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September 21, 2014

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Four candidates emerge to fill Clark County School Board vacancy

Four candidates have applied to fill a vacancy on the Clark County School Board.

Last month, School Board member Lorraine Alderman resigned unexpectedly, citing new opportunities. The longtime Clark County School District administrator had represented District D, which encompasses the central Las Vegas Valley and represents nearly 49,000 students feeding into Clark, Desert Pines, Rancho, Silverado and Valley high schools.

The School District has been seeking applications for the District D position on the School Board for the past two weeks. The application deadline closed Monday.

The School Board is expected to interview the following four candidates on Thursday, Dec. 5, at 1 p.m. They may choose after the interviews to appoint a candidate to replace Alderman.

Stavan Corbett is an education consultant who has served on the state School Board since 2010. He is also on the board of WestEd, an education consulting firm, and currently serves as vice president of programs for the Nevada Parent Teachers Association, supporting parent programs at more than 100 schools. Corbett has experience as an elementary schoolteacher, an education advocate at UNLV and administrator at Nevada State College.

“I was born and raised in Las Vegas and have witnessed the opportunities and challenges we have experienced in our schools and in our community,” Corbett wrote in his application. “I draw from my experiences as a student at CCSD and now as a parent with three children attending CCSD. … As a trustee, I would work toward minimizing the education gaps while supporting those who continue to push the bar of expectations.”

William Thomas Lucas is a retired postal worker who was formerly a journalism instructor at several California colleges as well as a spokesman for the Garden Grove Unified School District in California. Lucas graduated with a bachelor’s degree from California State University and a master’s degree from UCLA, and has taken continuing education courses in computer training at UNLV.

“(There is) little doubt a Hispanic candidate would be of great interest (to School Board members),” Lucas said in his application. “I am not Hispanic. But I would ask any candidate … who was born and raised in (diverse) California communities? I was. Additionally, I have traveled extensively in Mexico and appreciate it as a magnificent country. I am not fluent in Spanish, but my memory from classes was sufficient for me to assist several families to complete their forms for as as I worked (as a canvasser) for the 2010 Census.”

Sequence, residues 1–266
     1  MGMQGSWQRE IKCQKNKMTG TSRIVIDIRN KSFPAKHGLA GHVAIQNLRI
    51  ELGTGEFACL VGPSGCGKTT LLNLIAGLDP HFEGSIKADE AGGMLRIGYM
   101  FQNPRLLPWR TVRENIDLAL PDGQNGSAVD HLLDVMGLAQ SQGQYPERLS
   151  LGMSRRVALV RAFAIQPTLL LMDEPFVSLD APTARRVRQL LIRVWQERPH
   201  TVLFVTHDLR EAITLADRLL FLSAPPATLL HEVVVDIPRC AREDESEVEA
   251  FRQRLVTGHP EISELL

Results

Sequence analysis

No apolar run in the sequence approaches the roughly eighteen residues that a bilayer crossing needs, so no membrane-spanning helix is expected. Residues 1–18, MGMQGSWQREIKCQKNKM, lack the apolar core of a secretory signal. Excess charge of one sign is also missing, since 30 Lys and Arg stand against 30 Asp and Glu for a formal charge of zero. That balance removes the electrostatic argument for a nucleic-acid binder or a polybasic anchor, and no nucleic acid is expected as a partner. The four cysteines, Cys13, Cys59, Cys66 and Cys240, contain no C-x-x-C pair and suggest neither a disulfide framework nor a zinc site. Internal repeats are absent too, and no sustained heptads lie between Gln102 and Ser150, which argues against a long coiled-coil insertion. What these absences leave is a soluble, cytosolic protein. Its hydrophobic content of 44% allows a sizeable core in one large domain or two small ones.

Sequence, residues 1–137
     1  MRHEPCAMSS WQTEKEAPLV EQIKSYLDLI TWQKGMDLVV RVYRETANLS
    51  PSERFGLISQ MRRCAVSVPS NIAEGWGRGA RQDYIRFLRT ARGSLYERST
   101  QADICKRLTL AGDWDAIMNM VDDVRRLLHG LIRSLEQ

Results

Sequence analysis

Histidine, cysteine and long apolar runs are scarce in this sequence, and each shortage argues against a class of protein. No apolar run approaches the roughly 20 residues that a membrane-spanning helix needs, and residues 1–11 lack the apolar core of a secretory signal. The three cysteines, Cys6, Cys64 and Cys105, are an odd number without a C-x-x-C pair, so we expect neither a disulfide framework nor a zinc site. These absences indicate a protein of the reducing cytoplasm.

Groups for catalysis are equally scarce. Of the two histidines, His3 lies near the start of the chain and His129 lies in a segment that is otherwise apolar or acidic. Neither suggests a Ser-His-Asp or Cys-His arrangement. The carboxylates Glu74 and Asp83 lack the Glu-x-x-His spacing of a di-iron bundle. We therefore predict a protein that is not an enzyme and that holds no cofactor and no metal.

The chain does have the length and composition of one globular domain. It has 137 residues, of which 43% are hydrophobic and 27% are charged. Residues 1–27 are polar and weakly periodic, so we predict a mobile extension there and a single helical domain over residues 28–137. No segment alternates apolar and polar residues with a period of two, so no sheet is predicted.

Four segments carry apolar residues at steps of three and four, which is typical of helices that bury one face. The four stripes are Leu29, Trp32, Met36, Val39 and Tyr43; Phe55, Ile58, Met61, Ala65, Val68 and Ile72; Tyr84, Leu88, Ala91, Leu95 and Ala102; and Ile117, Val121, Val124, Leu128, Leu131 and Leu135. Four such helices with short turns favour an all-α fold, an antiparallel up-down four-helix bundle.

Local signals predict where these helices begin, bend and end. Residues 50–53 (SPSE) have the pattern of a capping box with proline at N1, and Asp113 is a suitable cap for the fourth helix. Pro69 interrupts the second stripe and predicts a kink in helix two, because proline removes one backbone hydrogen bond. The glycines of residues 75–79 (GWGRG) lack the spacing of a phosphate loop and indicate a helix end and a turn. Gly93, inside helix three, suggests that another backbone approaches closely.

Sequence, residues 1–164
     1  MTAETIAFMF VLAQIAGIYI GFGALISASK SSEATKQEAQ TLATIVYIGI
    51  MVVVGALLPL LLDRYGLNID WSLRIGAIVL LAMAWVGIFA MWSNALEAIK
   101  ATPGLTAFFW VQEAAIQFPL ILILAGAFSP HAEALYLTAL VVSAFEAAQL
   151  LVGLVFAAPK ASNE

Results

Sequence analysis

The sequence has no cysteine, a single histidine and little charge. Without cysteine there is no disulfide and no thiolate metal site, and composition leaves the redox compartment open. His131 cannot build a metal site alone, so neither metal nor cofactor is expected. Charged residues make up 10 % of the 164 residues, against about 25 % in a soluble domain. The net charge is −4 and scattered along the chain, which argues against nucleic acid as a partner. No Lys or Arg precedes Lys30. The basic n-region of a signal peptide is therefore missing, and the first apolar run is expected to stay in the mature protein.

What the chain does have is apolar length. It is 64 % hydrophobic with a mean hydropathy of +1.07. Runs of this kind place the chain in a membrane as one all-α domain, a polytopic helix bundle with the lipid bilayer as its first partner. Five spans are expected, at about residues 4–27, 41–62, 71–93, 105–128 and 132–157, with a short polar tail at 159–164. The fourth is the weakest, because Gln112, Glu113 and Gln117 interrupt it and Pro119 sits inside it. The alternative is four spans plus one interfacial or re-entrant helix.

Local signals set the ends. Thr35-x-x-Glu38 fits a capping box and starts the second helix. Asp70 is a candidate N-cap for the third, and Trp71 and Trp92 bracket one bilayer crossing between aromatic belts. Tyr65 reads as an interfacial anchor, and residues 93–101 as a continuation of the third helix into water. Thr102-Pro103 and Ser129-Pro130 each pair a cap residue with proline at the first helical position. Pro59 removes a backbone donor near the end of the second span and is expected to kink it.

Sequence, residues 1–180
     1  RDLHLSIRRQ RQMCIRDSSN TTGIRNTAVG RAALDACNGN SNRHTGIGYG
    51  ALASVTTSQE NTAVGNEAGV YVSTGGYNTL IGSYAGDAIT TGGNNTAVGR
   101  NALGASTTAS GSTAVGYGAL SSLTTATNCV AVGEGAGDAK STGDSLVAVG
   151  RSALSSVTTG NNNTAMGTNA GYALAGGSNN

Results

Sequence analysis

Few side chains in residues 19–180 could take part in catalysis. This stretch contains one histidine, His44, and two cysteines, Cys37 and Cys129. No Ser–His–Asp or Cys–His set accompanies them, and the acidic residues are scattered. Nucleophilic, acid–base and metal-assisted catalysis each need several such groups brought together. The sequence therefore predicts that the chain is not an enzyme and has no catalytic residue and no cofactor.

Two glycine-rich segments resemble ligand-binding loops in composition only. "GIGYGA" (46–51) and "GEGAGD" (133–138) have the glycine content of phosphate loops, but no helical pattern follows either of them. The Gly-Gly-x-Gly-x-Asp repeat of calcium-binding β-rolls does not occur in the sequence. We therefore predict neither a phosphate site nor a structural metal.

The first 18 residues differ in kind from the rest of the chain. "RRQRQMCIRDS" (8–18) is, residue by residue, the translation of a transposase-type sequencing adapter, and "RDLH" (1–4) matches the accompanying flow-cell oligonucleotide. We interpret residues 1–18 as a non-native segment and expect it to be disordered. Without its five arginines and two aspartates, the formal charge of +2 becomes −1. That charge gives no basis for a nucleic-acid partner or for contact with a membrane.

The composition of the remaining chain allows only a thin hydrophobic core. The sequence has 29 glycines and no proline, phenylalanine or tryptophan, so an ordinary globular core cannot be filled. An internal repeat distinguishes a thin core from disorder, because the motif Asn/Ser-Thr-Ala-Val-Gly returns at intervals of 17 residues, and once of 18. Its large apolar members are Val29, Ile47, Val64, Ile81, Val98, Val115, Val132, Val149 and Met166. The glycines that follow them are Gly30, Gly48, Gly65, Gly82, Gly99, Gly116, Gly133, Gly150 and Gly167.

Tara Raines is a Lincy Institute-funded assistant professor of school psychology at UNLV. Raines has experience as a special education teacher, working with medically fragile children and those with severe emotional disturbances. Raines' research focuses on the overrepresentation of minority children in special education programs. Raines has a bachelor’s and master’s degree in special education from Florida State University and a doctorate in school psychology from Georgia State University.

“As an educator, researcher and school psychologist, I believe that my diverse professional experiences have prepared me well for this remarkable opportunity,” Raines wrote in her application. “The responsibilities and duties included within this role are consistent with my own goals: to promote and support the high school graduation of all students in the Clark County School District and to prepare them to be positive contributors to our global community.”

Charles Ware is the owner of a private health education consulting firm in Las Vegas who has worked with various nonprofits and statewide associations to promote healthy living and exercise. Ware has a bachelor’s and master’s degrees from the University of Central Missouri and a doctorate in health education from A.T. Still University in Missouri.

“Because learning is an active process, it occurs best when the community, families, school districts, the institutions within the district, the faculty and staff, the teachers and most importantly the students are aligned in one belief … to be active early and often in students’ education,” Ware wrote in his application. “I am very interested in becoming a (School Board member) because of my greatest asset: being an educator. … The amount and type of education I have acquired has enabled me to learn and understand what learners want and need."

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